Sometimes someone says something that is so ignorant and illogical that you just have to speak up. Israel Folau’s latest ill-advised pontifications certainly fall under that category. Apparently, in a sermon he gave in his local church on the weekend he intimated that the current bushfires in Australia could be God’s punishment for Australia’s growing acceptance of homosexuality and abortion. How utterly ridiculous!
I have a problem with Folau’s comments on several levels.
Firstly, I disagreeon a theological level. Before God destroyed Sodom and Gomorrah in the Old Testament for their sexual immorality, he assured Abraham that he would not do so if there were just five righteous people (people who had refrained from those immoral practices) in those two cities. Just five abstaining people would have stayed God’s hand. That was probably less than one percent of the population. In other words, even if 99% of those cities had been totally immoral, God would not have brought judgment upon the cities for the sake of the 1% who were relatively innocent. Does Folau propose that God has now changed his modus operandi? Apparently Folau is suggesting that God is bringing devasting bushfires to punish our entire nation because of the estimated 2.5% who are practising homosexuals and a much smaller percentage who are having abortions. Really? God wouldn’t bring judgment on two cities when 99% had turned from his ways; is he now going to do that when less than 5% have, in Folau’s opinion, done so?
Secondly, on a purely logical level, how is burning the homes and livestock of families and struggling farmers in rural areas a sensible or logical punishment if God is angry with our nation’s law-makers. How are rural fires in any way commensurate with God’s supposed displeasure with parliamentary legislators? It simply doesn’t make sense.
Thirdly, how incredibly presumptuous that anyone would dare to speak on behalf of God in matters of His sovereign oversight of our world. Not even highly credentialed theologians and philosophers dare to suggest that they have fully resolved the paradoxical complexities between the existence of human suffering and God’s sovereignty. I have studied the topic at great depth for many years and even written a book on it, but I certainly wouldn’t dare to make declarations, or even vague suggestions, regarding God’s sovereign hand in specific instances of suffering.
Which brings me to my fourth objection. Israel Folau is light-years away from being a theologian or philosopher. I’m not even sure he could spell the words. However, for some strange reason, his local church has decided that because he can run very fast with a piece of pumped up leather stuck under his arm, he should be given the opportunity to share his great spiritual wisdom. I’m a trained preacher and theologian, so I’d like to make a deal with Folau’s church: I promise I won’t try to play rugby for Australia, if you promise to keep theologically ignorant people out of the pulpit! That’s not too much to ask is it?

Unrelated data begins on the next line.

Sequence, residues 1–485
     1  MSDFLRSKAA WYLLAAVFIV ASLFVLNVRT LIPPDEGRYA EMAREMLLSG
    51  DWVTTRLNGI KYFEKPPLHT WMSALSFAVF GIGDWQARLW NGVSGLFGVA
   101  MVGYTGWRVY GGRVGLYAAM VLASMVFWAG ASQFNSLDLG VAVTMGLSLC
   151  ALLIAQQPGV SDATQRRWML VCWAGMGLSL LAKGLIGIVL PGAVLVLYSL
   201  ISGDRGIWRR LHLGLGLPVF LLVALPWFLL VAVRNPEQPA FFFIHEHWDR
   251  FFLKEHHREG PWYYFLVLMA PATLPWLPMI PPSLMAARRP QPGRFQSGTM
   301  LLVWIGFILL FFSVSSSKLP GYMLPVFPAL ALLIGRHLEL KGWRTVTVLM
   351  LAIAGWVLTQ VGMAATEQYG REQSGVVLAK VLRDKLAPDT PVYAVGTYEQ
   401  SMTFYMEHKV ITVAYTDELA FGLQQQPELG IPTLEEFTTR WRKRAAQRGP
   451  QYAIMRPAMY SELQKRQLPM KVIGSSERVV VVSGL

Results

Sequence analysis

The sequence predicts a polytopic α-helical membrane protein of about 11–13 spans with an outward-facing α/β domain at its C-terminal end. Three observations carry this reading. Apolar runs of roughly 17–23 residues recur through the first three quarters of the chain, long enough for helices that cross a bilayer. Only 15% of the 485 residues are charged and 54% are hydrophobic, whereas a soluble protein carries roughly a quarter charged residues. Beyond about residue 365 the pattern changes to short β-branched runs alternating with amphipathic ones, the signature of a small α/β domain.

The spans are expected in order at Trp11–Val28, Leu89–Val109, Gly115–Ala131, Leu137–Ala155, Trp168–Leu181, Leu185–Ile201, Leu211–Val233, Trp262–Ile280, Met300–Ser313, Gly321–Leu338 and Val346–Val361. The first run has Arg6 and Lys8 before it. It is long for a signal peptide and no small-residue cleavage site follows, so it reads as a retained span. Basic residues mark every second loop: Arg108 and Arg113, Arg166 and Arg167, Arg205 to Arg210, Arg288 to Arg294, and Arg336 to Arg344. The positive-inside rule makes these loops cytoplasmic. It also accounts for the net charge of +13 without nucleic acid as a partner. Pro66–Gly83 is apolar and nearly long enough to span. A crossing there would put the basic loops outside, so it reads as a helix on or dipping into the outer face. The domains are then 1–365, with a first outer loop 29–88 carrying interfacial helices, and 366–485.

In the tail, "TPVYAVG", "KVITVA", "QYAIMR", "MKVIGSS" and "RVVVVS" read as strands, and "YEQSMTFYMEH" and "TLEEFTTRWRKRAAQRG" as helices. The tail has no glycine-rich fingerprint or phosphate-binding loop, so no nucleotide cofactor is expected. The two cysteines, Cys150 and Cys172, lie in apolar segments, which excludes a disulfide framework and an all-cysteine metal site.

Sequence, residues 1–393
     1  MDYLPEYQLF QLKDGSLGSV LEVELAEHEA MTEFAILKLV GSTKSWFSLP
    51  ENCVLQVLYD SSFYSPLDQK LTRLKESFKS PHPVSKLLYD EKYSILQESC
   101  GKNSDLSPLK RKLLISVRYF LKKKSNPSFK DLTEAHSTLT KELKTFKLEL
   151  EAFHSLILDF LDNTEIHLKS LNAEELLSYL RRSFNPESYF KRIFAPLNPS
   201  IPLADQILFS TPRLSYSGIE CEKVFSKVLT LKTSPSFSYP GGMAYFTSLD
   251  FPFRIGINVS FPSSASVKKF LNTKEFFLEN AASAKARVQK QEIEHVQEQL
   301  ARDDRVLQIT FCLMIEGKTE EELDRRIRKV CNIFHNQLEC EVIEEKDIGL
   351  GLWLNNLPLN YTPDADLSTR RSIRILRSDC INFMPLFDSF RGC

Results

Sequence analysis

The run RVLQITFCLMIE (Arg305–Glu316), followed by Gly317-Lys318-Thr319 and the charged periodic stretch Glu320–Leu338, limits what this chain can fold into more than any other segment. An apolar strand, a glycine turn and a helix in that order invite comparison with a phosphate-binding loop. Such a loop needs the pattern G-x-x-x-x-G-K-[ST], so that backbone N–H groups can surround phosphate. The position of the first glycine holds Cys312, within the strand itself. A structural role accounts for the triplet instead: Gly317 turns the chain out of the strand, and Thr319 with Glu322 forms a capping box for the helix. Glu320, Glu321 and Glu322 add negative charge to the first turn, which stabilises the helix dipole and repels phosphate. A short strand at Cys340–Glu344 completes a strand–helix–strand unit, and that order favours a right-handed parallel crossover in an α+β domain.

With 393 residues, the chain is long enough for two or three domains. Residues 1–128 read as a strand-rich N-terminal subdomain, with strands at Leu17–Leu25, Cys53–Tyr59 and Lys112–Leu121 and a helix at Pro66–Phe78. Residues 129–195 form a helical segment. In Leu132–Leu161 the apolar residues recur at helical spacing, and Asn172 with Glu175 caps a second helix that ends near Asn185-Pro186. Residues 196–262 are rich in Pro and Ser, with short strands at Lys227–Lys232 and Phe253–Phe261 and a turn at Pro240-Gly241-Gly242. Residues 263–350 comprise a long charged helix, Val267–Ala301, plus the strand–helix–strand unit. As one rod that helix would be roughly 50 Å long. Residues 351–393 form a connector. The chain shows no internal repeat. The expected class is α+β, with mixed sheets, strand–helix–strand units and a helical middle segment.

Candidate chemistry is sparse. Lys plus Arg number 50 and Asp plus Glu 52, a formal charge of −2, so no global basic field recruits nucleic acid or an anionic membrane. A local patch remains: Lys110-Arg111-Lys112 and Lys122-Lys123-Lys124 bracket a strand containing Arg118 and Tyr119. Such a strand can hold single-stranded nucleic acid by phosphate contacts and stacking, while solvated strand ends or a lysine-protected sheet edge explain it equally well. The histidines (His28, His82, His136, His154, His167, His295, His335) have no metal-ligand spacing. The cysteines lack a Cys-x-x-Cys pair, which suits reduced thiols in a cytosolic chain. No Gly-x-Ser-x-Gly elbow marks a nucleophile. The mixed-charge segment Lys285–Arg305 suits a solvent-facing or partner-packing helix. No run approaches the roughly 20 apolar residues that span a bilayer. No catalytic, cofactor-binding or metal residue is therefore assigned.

Fifthly, speculative and theologically unsound declarations by ignorant, untrained spokespersons such as Folau bring about great harm to the Christian cause. A very large majority of the Christian church would not subscribe to Folau’s statements on the weekend. Indeed, we are deeply disappointed in them. He does not speak for us. His comments represent the simplistic, naïve musings of someone who should never have been given a religious microphone.
Finally, how utterly insensitive of Folau to use the sufferings of people as a religious / political football. The ongoing devastation that these fires are causing to hundreds of Australian families ought to illicit a response of compassion from us, not one of judgmentalism. This unfolding national disaster should drive us to our knees in prayer, not cause us to stand on a soap box and condemn. It should cause us to reach out our hands in generosity, rather than point the finger of accusation.
For those who are inclined to agree with Folau’s statements about God’s judgment, you might like to read two incidents in the life of Jesus. In Luke 9, Jesus responds to people who suggested that a man’s blindness was God’s specific punishment for sin, and in Luke 13 he is dealing with a recent tragedy in Jerusalem when a tower in the outer wall of Jerusalem, the Tower of Siloam, collapsed, killing 18 people. In both incidents, the common view was that God was punishing people for their sins. However, Jesus clearly refuted this view on both occasions, effectively pointing out that their theology was way too simplistic. We would do well to avoid similar naïve over-simplifications today.